One of the best films of the year, Emilio Estevez's The Way is about a man, Tom, who is confronted with the death of his only child, his son Daniel. Tom, played by 71-year-old Martin Sheen, learns that Daniel was killed in a freak accident in Spain while walking the pilgrimage of Camino de Santiago, commonly referred to in English as "The Way of St. James" or, simply, "The Way." Tom heads to Spain to retrieve Daniel's ashes—then decides, practically on the spur of the moment, to process his shock and grief by walking the Camino himself, while wearing Daniel's hiking boots and strapping on Daniel's already well-stocked backpack.
With The Way, writer/director Emilio Estevez—who also plays Daniel in flashbacks in the movie—continues to build his reputation as a filmmaker. Like his 2006 film, Bobby, about a day in the life of the hotel where Robert Kennedy would be assassinated, The Way begins with setting rather than character. Estevez the writer has a knack for picking settings that allow him to bring together characters who might not interact much in other contexts, and the result is that the relationships come across as anything but rote.
Tom starts out on his trek alone, but as is often the case in close environments, he is thrown together with a small group of people whom fate has brought together at just the right time. Sarah is a woman who uses an abrasive, assertive demeanor to keep the world at arm's length, but who is herself carrying a load of hurt. Joost is more outwardly cheerful, insisting that the pilgrimage is recreational, but gradually letting his guard down to reveal his wounds. These three are eventually joined by Jack, a travel writer whose alcoholism may be either the cause of or an attempt to numb many of his own personal demons. I really admire the way the film conveys the spiritual and emotional dynamic of how being acutely conscious of one's own brokenness can make a person more empathetic toward others—particularly those who might simply rouse our censure or irritation at other times or in other circumstances.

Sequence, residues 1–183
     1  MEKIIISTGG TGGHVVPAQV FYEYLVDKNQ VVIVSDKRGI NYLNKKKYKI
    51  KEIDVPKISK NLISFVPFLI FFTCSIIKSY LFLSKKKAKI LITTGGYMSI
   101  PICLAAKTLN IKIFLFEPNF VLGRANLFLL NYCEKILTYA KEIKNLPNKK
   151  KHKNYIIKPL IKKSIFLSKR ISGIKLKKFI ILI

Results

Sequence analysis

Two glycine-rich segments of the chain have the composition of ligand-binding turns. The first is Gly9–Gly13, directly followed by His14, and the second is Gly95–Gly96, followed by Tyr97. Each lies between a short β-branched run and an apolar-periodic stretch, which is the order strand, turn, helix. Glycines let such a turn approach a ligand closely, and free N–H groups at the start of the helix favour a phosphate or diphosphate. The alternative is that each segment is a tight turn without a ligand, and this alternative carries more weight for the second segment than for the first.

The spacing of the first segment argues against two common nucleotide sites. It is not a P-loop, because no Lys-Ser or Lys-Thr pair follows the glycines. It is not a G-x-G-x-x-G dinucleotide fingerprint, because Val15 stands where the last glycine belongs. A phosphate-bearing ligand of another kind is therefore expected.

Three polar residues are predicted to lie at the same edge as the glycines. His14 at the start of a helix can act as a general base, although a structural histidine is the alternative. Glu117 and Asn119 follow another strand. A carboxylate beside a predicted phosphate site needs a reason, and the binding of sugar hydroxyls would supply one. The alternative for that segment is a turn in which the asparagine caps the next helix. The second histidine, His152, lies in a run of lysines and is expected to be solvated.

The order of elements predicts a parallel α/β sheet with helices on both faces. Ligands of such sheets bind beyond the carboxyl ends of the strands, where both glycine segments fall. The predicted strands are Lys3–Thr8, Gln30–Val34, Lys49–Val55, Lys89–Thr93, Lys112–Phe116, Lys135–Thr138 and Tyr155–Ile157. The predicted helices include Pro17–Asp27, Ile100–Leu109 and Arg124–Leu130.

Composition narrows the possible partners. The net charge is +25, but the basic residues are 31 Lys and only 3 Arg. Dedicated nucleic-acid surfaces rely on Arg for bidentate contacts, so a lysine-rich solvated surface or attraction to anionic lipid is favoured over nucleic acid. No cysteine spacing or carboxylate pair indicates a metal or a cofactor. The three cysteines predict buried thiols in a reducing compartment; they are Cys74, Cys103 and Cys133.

The interplay between Tom and Sarah is particularly complex and moving. Unger is not as widely known or celebrated as Sheen, but she holds her own in scenes with him, building a multi-faceted character in a supporting role. Some of the film's most moving moments come in the interplay between these two. As we learn more about Sarah and her reasons for walking the Camino, we not only understand her character better but also why these two people are well suited to understand and help each other. Grief and sorrow often alienate those who feel it from others; words of sympathy grate when we feel those expressing them cannot truly understand what we are going through. When Sarah finally shares a difficult part of her past with Tom, it is one of the more powerful moments in the film because the emphasis within the story is less on what she did than on the devastating emotional consequences of her actions.